As I understand it, the water comes out of the vents at near-boiling, and merges with water that is barely above freezing, and at extreme pressure. And yet life still thrives in what should be almost unbearable conditions.
When you consider the other organisms that get on in highly acidic lakes and other extreme conditions, it does appear that, given half a chance, life will grab it with both hands/pseudopodia/tentacles and make the most of it. And this just on the one planet.


Yes, and they were only discovered in 1977; five years after the final Apollo mission to the Moon. It may be argued that their discovery has opned our eyes more to the possibilities of life on other planets than landing people on the Moon ever did.

 
AlmondFacialBar
896263.  Mon Mar 26, 2012 7:51 am Reply with quote

I was the in first year in my school whose biology textbook discussed such lifeforms, and also five kingdom taxonomy. Interestingly enough, however, our teacher did not...

:-)

AlmondFacialBar

 
CB27
896379.  Mon Mar 26, 2012 3:04 pm Reply with quote

cherrycoke wrote:
James Cameron is the deepest man on earth

Only because Barry White is no more.

 
Leith
896401.  Mon Mar 26, 2012 5:11 pm Reply with quote

Now that's a proper adventure! I remember being quite fascinated by the Trieste as a kid and it's remarkable to think that no-one has repeated that expedition until now. Really looking forward to the documentary.

 
djgordy
896429.  Tue Mar 27, 2012 2:43 am Reply with quote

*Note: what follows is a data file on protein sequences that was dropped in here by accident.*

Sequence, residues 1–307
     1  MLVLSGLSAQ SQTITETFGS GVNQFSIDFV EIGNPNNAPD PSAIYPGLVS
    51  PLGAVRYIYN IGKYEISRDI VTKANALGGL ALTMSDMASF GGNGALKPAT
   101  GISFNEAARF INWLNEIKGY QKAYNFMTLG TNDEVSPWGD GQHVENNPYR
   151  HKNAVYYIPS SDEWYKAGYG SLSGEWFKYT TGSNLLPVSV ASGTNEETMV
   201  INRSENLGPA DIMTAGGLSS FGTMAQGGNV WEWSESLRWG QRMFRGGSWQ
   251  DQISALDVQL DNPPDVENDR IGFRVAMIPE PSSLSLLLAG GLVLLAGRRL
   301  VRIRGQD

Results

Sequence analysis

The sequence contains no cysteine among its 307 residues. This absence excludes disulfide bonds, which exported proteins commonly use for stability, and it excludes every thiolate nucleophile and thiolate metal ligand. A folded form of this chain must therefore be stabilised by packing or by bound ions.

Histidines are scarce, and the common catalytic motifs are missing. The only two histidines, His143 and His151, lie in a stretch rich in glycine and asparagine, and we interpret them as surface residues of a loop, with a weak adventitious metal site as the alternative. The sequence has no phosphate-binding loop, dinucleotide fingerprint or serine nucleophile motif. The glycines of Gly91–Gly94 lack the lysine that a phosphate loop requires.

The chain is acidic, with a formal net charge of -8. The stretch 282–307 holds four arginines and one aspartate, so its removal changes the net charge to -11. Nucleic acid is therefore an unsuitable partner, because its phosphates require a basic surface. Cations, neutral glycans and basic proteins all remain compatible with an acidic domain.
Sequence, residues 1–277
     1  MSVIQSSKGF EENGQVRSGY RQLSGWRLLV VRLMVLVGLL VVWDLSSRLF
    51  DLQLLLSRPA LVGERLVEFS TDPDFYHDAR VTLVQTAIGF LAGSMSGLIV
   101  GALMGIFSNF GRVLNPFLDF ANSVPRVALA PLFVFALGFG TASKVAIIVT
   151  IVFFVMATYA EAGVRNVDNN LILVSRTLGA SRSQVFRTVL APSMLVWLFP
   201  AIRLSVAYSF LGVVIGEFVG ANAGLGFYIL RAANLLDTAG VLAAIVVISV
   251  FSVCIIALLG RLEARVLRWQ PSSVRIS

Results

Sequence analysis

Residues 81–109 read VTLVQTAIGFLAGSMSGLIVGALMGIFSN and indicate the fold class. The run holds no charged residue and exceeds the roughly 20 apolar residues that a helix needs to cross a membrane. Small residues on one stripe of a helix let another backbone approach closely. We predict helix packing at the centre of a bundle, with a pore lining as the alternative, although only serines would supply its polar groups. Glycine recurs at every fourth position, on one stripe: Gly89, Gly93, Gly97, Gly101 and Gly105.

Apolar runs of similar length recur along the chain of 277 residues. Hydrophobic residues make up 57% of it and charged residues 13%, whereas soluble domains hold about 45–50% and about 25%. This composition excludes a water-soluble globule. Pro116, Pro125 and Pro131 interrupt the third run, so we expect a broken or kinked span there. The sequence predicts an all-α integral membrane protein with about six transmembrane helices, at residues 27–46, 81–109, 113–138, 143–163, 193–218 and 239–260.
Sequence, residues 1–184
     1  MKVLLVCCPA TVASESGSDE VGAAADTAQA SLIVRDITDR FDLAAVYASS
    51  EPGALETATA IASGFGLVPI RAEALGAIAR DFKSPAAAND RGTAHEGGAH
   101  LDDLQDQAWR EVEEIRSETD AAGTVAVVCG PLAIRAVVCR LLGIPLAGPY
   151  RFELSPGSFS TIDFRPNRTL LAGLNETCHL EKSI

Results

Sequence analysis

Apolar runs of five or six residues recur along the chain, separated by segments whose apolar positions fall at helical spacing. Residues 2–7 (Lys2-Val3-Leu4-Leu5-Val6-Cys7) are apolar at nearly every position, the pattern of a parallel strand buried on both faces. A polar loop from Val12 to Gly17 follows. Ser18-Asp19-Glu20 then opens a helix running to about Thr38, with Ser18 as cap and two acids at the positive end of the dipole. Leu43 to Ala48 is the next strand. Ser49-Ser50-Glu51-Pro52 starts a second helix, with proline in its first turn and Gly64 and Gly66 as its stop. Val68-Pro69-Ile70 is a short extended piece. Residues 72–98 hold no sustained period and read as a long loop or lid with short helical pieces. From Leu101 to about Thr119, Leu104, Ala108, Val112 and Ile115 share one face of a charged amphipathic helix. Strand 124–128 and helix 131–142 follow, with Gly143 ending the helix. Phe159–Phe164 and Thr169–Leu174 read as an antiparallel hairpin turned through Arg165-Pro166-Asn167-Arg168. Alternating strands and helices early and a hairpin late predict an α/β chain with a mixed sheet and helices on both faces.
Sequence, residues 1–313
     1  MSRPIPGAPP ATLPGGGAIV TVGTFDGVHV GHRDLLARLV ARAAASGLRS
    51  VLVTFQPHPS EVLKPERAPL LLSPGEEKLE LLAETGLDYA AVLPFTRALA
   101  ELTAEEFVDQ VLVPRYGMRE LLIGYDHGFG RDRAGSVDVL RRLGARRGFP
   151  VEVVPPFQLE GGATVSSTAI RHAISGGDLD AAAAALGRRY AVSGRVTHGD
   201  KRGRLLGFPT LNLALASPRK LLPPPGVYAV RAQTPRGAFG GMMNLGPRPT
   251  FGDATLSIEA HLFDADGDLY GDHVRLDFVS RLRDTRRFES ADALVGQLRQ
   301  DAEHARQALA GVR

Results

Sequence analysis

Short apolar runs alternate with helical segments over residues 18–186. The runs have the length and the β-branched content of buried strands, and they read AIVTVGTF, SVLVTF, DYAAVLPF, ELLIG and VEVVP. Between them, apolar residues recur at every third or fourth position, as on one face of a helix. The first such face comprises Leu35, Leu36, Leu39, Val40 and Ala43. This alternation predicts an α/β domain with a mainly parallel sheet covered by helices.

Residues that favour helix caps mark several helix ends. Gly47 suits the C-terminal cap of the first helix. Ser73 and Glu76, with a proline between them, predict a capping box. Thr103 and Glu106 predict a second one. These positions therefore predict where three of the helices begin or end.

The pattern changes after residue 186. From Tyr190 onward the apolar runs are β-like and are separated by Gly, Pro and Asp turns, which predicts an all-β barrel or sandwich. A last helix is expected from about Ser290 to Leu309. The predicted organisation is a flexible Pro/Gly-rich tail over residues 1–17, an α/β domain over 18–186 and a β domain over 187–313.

That's because, until recently, more or less as I said earlier, the deep sea was of very little interest because people though of these reagions as vast, flat abyssal plains that sustained little or no life. It is also a lot more difficult to explore because you can't look at these places from far away and the problems of pressure are a lot worse than they are in space. The difference in pressure between the inside of a space ship and the outside is one atmosphere. The diffference in pressure between the inside and outside of a submersible in the ocean depths is 1,000 atmospheres.

 
cherrycoke
896433.  Tue Mar 27, 2012 3:11 am Reply with quote

"Hmmm, maybe we shouldn't go there. It's really difficult" - No explorer, ever.

 
Leith
896632.  Tue Mar 27, 2012 6:22 pm Reply with quote

First reports, describing a desolate landscape, some limited success in sample collection (inhibited by a hydraulics failure) but plans for further dives:

Nat. Geographic: James Cameron on Earth's Deepest Spot: Desolate, Lunar-Like

djgordy wrote:
That's because, until recently, more or less as I said earlier, the deep sea was of very little interest because people though of these reagions as vast, flat abyssal plains that sustained little or no life.

That never stopped people visiting Lincolnshire.

djgordy wrote:
It is also a lot more difficult to explore because you can't look at these places from far away and the problems of pressure are a lot worse than they are in space. The difference in pressure between the inside of a space ship and the outside is one atmosphere. The diffference in pressure between the inside and outside of a submersible in the ocean depths is 1,000 atmospheres.

Some interesting engineering challenges, for sure. Modules for the International Space Station, for example, get tested in giant vacuum chambers, but I don't think you could do an equivalent pressure test for this sort of expedition. Sounds like the speed of Cameron's dive required the sub to handle some pretty rapid temperature changes, too, though I guess it will at least have been spared the kind of launch stresses and radiation exposure that spacecraft typically have to tolerate.